As long-time Ciclismo Classico guide, photography on tour has always been considered, in part, a key aspect of my job. Especially in the last decade with the important role of social media. But for some guides, this task or added creative element can be a challenge if capturing or documenting the moment doesn't come to you naturally. Others, like me, embrace this part of the job. Living in Tuscany—close to our Italian base and in the thick of our many thrilling Tuscany tours—I feel this is a gift.
I'd like to share a few photos of this special place.
photo above by Alessandro Bellucci
I’ll admit, I led tours for years before the desire and passion to document or photograph fully kicked in. And once it did, I was unstoppable. Some of my (her)story includes studying film at Boston College and then immediately on to the Academy of Art in San Francisco, where I delved into photography in a much deeper way. For me, post-uni was all about work and study in film and photography, until a few years later I discovered adventure travel could actually be an occupation. By delving into that work, I unknowingly put aside some of the photo-documenting, film, and visually-oriented passions. The two passions didn’t meld together in a harmonious way in that moment or at first glance, as the travel field guide work required more immediate physical training, study and focus on developing other skills.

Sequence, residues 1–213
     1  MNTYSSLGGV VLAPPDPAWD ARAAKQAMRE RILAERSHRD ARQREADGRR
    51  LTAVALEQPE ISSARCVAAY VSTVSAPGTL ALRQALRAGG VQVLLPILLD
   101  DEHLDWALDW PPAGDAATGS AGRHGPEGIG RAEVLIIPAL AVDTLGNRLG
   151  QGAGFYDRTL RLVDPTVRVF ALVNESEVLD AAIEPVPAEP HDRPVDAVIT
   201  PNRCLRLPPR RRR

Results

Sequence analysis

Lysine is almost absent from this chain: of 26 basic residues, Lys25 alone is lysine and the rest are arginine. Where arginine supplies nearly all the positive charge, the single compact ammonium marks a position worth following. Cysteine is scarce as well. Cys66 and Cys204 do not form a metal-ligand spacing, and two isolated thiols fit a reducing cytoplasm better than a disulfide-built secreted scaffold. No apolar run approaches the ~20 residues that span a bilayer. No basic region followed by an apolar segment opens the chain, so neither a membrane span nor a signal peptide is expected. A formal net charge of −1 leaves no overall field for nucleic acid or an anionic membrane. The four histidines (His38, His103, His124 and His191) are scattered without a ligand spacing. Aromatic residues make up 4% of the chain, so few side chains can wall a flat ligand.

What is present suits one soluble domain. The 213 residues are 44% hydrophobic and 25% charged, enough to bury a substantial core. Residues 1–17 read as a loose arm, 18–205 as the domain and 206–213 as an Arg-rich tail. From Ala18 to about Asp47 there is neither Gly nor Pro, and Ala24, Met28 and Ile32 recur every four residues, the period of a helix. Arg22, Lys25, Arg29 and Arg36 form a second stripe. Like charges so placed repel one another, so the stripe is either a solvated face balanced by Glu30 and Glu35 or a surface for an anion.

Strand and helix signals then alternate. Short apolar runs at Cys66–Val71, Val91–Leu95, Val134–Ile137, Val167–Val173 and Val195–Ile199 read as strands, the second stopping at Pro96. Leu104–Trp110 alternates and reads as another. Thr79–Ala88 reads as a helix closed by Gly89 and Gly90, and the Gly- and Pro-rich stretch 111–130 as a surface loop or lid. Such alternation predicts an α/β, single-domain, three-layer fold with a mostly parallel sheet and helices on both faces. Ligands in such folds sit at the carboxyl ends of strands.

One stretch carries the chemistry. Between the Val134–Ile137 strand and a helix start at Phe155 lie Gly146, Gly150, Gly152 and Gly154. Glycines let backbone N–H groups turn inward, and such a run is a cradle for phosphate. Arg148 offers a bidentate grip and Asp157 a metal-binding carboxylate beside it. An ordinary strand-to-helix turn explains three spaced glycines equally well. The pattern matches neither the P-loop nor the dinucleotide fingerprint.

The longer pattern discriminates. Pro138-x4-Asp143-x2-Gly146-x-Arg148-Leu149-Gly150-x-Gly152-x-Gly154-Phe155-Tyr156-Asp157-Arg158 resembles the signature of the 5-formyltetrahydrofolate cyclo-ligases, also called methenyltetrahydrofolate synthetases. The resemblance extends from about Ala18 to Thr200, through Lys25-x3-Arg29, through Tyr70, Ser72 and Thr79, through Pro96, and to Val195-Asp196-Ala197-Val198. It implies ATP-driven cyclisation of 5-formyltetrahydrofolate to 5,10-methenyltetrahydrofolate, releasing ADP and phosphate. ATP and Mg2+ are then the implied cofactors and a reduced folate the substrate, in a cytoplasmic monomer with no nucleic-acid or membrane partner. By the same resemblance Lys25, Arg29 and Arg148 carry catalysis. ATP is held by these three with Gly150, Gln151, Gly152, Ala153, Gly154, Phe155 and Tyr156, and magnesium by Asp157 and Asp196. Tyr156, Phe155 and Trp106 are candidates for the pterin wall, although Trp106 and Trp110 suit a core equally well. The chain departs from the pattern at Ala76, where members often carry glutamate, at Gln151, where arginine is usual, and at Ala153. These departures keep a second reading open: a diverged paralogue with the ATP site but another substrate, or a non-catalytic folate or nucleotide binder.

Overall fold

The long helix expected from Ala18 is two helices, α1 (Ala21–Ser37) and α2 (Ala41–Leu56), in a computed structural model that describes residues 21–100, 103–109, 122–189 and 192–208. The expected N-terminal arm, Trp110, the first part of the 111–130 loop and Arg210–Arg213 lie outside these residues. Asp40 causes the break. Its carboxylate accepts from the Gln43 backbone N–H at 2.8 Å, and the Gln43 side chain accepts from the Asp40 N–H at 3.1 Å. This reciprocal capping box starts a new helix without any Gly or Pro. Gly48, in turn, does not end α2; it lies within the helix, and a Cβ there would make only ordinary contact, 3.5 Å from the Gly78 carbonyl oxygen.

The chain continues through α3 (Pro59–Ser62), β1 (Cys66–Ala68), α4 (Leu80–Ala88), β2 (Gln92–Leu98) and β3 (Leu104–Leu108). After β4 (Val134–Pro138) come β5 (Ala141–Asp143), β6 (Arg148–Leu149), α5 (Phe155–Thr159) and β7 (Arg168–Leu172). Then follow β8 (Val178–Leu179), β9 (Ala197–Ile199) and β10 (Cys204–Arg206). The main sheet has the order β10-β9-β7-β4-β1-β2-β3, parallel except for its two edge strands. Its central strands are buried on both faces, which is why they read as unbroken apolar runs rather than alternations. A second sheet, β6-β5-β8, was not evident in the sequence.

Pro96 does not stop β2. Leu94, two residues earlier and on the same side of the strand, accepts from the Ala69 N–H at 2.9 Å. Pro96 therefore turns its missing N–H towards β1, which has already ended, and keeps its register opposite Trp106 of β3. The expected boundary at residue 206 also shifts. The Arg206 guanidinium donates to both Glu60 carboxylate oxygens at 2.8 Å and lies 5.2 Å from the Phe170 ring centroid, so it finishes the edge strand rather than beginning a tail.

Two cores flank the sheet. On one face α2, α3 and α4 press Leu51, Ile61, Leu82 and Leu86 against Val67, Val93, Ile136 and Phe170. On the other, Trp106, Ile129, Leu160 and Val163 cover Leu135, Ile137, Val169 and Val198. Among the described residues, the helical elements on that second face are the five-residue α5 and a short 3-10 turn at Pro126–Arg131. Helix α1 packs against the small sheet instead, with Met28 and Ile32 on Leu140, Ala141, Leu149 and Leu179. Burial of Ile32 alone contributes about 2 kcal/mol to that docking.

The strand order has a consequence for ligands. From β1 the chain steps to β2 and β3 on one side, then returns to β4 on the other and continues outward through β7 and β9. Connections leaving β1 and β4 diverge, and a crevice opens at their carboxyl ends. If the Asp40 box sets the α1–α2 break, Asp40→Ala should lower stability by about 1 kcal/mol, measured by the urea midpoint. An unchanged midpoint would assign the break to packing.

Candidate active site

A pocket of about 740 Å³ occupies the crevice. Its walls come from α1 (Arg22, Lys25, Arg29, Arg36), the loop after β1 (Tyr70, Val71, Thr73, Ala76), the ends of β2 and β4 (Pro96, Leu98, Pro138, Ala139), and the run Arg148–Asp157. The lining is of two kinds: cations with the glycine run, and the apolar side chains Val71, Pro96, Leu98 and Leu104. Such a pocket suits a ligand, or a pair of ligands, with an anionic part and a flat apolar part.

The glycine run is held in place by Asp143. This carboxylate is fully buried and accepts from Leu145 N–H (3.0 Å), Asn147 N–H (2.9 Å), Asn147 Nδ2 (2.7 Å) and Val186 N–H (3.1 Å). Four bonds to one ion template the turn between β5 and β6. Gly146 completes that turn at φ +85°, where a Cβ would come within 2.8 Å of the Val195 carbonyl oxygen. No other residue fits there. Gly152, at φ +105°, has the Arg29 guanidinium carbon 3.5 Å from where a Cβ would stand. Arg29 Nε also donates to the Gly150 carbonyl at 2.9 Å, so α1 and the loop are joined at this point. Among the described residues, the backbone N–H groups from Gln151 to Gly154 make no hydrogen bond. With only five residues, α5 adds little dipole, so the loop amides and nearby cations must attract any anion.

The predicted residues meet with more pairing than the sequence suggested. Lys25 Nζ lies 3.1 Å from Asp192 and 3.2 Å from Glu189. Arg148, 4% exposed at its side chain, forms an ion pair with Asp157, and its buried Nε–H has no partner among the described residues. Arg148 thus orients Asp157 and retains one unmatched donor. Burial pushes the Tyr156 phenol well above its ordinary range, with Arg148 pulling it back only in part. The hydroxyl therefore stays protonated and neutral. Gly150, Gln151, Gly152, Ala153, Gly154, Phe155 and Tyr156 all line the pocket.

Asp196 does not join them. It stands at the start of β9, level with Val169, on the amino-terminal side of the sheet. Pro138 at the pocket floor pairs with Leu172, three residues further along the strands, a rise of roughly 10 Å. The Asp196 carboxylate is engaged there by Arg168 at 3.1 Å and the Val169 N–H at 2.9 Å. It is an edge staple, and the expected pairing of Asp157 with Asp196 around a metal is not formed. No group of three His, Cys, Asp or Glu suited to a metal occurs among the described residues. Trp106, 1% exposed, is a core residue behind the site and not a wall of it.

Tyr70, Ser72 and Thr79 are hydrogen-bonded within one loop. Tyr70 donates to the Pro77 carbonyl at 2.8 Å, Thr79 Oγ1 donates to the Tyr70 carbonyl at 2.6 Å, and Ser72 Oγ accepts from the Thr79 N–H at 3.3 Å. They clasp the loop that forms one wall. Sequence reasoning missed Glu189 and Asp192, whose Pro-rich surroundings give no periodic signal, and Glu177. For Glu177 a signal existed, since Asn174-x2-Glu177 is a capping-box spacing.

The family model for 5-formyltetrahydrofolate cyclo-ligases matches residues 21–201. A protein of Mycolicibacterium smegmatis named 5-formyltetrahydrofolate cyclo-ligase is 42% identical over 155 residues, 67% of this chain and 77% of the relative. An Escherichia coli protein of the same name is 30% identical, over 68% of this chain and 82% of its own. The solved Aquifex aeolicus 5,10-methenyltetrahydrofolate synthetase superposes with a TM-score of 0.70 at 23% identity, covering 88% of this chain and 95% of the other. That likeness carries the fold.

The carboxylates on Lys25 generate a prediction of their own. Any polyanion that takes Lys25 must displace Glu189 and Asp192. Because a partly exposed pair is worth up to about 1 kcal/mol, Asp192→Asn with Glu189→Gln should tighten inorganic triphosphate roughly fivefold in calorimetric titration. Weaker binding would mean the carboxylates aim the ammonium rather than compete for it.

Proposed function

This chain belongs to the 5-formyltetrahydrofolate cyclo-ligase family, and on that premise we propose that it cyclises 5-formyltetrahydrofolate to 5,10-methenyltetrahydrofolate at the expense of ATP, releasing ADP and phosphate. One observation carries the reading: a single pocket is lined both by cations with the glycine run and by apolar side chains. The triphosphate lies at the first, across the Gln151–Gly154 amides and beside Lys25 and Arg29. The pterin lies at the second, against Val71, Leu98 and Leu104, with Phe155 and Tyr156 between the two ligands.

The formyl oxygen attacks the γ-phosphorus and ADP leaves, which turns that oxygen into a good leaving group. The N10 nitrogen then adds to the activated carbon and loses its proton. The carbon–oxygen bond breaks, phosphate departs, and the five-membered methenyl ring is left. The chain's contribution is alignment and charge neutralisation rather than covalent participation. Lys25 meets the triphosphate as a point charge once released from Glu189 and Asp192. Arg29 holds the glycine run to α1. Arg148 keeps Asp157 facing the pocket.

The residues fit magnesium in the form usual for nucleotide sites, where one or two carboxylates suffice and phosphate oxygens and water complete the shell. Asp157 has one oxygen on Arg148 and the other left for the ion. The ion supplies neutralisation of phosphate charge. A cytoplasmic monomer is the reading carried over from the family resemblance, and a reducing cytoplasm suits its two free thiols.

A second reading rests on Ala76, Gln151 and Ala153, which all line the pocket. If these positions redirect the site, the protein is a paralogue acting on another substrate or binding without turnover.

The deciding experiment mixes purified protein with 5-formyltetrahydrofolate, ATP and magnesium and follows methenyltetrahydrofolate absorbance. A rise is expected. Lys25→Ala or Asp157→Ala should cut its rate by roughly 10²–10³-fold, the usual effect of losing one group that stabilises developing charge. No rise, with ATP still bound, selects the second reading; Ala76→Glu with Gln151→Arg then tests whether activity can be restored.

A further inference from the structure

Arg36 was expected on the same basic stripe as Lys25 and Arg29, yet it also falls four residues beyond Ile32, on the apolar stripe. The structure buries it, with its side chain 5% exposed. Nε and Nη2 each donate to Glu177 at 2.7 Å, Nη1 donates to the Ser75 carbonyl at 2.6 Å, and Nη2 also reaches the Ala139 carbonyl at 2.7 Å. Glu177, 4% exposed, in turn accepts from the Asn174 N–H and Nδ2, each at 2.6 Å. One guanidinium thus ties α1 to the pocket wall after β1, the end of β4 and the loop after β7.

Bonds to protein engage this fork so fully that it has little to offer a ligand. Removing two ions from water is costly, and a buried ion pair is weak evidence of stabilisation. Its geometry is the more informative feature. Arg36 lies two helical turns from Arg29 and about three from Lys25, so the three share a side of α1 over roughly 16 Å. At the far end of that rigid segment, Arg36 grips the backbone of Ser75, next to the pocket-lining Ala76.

Years later, while living in Italy and later moving to Tuscany, I discovered that there is no better medium for me than photography to express myself creatively and to capture the Tuscan beauty all around me. Also, it’s the medium I love most as an additional expression or way to share this stunning, glorious Italian/Tuscan world in which I live. And, well... there is a lot to share.
For example, I'm a big fan of passionate producers and their stories:
Luigi and Silvia, winemakers/owners at Castello di Verrazzano winery in Chianti
The nature in Tuscany still blows my mind everyday. The landscapes I am surrounded by are truly amazing and of course change with seasons and the light. Our Tuscany Green and Heart of Tuscany trips pass through the wonderful Crete Senesi lanscapes offering vast, wide open views. It's verdant in the springtime and earthy, golden in late summer and fall.
Late summer in Val d'Orcia
Vineyards and irises in May
Tuscan Grain Mill (detail)
Italian beauties at the Tuscan Sea
Quiet moments in Asciano (Tuscany Green)
Morning light near Siena
Water break in the piazza on our Assaggio Toscana trip